Ohio drivers will begin paying more at the pump in July, and not everyone is happy with the decision.
Gov. Mike DeWine signed legislation April 3 to increase the state gas tax by 10.5 cents per gallon, and an additional 19 cents per gallon for diesel fuel. He originally proposed an 18-cent increase for standard gas but was encouraged by state Republicans to lower that amount.
The state House of Representatives approved DeWine’s fuel tax, part of the governor’s two-year transportation budget, with a vote of 70-27; the Senate followed with a 22-10 vote.
The increase will add $865 million annually in gas tax revenue for the purpose of repairing state roads and bridges.The total will be divided at $524 million for state repairs and $381 million for local jobs.
The gas tax hike places Ohio within the top 10 highest rates in the nation.
DeWine spokesperson Dan Tierney said the gas tax increase was necessary due to a “structural” deficit in the state budget. He said Ohio has a $390 million debt payment attached to ongoing improvements to its turnpike.
“The way the governor would put it, the credit cards were maxed out,” Tierney said.
A commission put together by DeWine recommended an increase in the motor vehicle tax, calling it a reliable resource. Tierney said an approximately $700 million surplus in the state’s general revenue fund isn’t enough to meet the need. He said because the amount of state revenue generated for the remainder of the year is uncertain, using the surplus for infrastructure repair would be imprudent.
“The governor is looking at the proposal from about 10 years out. The general revenue surplus could only be used once,” he said.
In a statement, District 1 Senator Rob McColley (R-Napoleon) said he’s been consistent in his view that any tax increases must be offset by tax cuts so Ohioans don’t pay more for essential government services.
“Largely, the people of the first Senate district agree, and I promised those constituents that I would only support a gas tax increase if there were offsetting tax cuts,” the statement said. “I believe in the importance of doing what we told our constituents we would do, which is why I voted ‘no’ on the transportation budget.”
District 47 State Representative Derek Merrin (R-Monclova Twp.) also voted against the budget.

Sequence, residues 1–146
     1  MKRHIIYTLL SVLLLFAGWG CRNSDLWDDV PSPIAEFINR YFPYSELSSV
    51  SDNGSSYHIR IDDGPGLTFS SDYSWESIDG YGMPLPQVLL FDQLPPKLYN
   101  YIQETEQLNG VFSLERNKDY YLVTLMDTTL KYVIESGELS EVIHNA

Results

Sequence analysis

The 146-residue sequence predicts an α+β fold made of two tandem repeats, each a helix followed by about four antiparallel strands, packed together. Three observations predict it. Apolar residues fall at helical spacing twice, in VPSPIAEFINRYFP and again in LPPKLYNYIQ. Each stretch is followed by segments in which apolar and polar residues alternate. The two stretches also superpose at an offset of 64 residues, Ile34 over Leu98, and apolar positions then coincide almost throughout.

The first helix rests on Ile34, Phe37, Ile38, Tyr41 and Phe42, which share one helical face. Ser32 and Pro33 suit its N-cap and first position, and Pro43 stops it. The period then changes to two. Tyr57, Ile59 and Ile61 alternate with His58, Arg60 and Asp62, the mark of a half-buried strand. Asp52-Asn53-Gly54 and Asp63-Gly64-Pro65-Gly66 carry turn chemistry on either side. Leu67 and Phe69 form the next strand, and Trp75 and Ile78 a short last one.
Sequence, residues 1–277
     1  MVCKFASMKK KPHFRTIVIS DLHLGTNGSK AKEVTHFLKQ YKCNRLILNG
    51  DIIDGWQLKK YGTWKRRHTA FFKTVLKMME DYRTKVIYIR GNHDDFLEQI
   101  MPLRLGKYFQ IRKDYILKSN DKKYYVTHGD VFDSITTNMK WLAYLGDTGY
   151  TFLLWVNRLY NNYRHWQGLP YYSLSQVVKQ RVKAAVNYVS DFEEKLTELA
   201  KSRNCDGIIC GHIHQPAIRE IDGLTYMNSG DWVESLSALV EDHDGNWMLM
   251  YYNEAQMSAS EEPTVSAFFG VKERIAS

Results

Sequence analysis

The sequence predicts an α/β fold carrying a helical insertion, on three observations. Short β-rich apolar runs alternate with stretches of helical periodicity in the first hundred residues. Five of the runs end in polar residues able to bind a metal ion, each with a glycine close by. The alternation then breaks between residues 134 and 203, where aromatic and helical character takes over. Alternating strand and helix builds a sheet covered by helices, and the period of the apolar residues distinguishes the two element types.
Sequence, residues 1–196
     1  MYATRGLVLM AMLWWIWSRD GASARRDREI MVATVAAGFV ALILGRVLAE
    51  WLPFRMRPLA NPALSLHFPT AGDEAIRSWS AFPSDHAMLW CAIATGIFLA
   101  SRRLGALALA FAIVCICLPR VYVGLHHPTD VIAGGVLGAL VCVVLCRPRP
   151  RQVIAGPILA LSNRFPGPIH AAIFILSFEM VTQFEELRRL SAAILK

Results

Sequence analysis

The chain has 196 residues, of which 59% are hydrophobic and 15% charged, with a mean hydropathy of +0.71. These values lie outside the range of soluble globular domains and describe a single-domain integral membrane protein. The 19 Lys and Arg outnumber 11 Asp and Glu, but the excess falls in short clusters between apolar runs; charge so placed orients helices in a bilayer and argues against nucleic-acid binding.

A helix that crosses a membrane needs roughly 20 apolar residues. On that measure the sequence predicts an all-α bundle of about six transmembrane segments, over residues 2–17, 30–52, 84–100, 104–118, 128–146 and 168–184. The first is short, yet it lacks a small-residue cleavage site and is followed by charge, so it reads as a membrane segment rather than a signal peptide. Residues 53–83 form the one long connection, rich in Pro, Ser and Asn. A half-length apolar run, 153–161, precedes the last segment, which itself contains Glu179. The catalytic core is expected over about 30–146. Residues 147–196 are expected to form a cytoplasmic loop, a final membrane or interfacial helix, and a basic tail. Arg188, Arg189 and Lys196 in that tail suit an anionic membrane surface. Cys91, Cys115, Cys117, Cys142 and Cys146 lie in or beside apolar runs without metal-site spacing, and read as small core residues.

“I don’t want to increase the overall tax burden on Ohioans,” he said. “I would like to see a portion of the general revenue fund supplement road improvements and infrastructure.”
Merrin said DeWine proposed the increase “because the general consensus was they want a gas tax to solely pay for that.”
District 81 State Representative James Hoops (R-Napoleon) and District 2 Senator Theresa Gavarone (R-Bowling Green) voted in favor of the budget.
According to District 2 Senator Theresa Gavarone (R-Bowling Green), the governor’s transportation budget not only invests strongly in the state’s infrastructure, it improves transparency and accountability, and delivers tax relief to low-income Ohioans.
She said her vote for the gas tax increase came after she and District 89 State Representative Steve Arndt (R-Port Clinton) worked to include budget language allowing for state tourism areas to apply for funds to maintain infrastructure leading there.
Gavarone said the transportation budget, including the gas tax, wasn’t an option.
“I chose to improve our infrastructure, and thanks to that decision northwest Ohio is an even more attractive place for job creators to do business, and I am looking forward to the increased economic growth that will come to our region,” she said.
“I also received input from elected officials, community leaders and constituents throughout the district. The overwhelming response was that voting for the transportation budget, while not a perfect bill, was in the best interest of my constituents.”
Reach David J. Coehrs at 419-335-2010.